alexa Increased immunogenicity of tumor vaccines complexed with anti-Gal: studies in knockout mice for alpha1,3galactosyltransferase.


Journal of Glycobiology

Author(s): LaTemple DC, Abrams JT, Zhang SY, Galili U

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Abstract A major prerequisite for the success of tumor vaccines is their effective uptake by antigen-presenting cells (APCs) and transport of these APCs to the draining lymph nodes, where the processed and presented tumor-associated antigens activate tumor-specific naive T cells. We previously suggested that the immunogenicity of autologus tumor vaccines in humans may be augmented by engineering vaccinating tumor cell membranes to express alpha-galactosyl (alpha-gal) epitopes (i.e., Galalpha1,3Galbeta1,4GlcNAc-R). Subsequent in situ binding of natural anti-Gal IgG molecules to these epitopes would result in the formation of immune complexes that target tumor vaccines for uptake by APCs, via the interaction of the Fc portion of anti-Gal with Fcgamma receptors on APCs. This hypothesis was tested in a unique experimental animal model of knockout mice for alpha1,3galactosyltransferase (alpha1,3GT) and the mouse melanoma B16-BL6 (referred to here as BL6). Like humans, these mice lack alpha-gal epitopes and produce anti-GaL BL6 melanoma cels are highly tumorigenic, and like human tumor cells, they lack alpha-gal epitopes. Expression of alpha-gal epitopes on these melanoma cells was achieved by stable transfection with alpha,3GT cDNA. The transfected melanoma cells (termed BL6alphaGT) express approximately 2 x 10(6) alpha-gal epitopes per cell and readily form immune complexes with anti-Gal. Vaccination of the mice with 2 x 10(6) irradiated melanoma cells that express alpha-gal epitopes, followed by challenge with 0.5 x 10(6) live parental melanoma cells, resulted in protection for at least 2 months (i.e, no tumor growth) in one-third of the mice, whereas all mice immunized with irradiated parental melanoma cells developed tumors 21-26 days post-challenge. The proportion of protected mice doubled when the mice were immunized twice with irradiated melanoma cells expressing alpha-gal epitopes and challenged with 0.2 x 10(6) live BL6 cells. Histological studies on the developing tumors in challenged mice that were immunized with melanoma cells expressing alpha-gal epitopes demonstrated extensive infiltration of T lymphocytes and macrophages, whereas no mononuclear cell infiltrates were observed in tumors of mice immunized with parental tumor cells. Overall, these studies imply that immunization of alpha1,3GT knockout mice with BL6 melanoma cells that express alpha-gal epitopes elicits, in a proportion of the population, protective immune response against the same tumor lacking such epitopes. These studies further suggest that similar immunization of cancer patients with autologous tumor vaccines that are engineered to express alpha-gal epitopes may increase the immune response to autologous tumor-associated antigens and, thus, may elicit immune-mediated destruction of metastatic cells expressing these antigens.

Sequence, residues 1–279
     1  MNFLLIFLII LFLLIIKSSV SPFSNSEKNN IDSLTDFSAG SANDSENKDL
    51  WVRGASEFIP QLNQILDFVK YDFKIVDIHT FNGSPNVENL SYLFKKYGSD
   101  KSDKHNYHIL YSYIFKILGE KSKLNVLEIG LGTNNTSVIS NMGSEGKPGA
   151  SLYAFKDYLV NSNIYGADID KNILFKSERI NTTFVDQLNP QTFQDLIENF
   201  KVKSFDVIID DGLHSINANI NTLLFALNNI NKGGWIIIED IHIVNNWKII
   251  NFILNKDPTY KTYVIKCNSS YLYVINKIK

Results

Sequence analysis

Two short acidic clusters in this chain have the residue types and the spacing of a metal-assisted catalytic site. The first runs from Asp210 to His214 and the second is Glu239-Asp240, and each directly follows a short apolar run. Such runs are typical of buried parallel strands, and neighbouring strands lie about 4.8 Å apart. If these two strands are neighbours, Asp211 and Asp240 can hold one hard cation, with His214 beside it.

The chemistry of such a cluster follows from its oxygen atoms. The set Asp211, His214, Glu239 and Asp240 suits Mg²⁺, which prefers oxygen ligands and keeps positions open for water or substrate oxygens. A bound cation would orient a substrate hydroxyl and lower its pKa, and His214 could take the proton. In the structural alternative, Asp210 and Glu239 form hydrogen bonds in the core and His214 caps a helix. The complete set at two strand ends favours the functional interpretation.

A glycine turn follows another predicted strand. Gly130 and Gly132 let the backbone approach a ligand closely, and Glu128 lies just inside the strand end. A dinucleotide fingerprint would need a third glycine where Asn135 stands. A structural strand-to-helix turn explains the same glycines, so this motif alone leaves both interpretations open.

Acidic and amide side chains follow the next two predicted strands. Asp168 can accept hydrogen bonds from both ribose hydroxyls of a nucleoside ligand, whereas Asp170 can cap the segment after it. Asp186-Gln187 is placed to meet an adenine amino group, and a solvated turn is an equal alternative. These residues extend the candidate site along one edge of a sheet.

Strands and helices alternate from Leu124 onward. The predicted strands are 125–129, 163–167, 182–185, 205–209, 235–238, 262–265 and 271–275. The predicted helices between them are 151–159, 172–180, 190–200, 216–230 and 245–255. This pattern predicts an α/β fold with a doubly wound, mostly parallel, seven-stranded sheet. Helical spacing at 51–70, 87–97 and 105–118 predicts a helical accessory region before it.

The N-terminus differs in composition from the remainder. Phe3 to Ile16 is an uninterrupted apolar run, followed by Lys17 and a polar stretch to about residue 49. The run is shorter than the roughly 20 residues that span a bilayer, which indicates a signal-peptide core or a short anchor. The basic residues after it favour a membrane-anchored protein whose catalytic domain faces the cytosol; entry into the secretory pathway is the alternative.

This article was published in Cancer Res and referenced in Journal of Glycobiology

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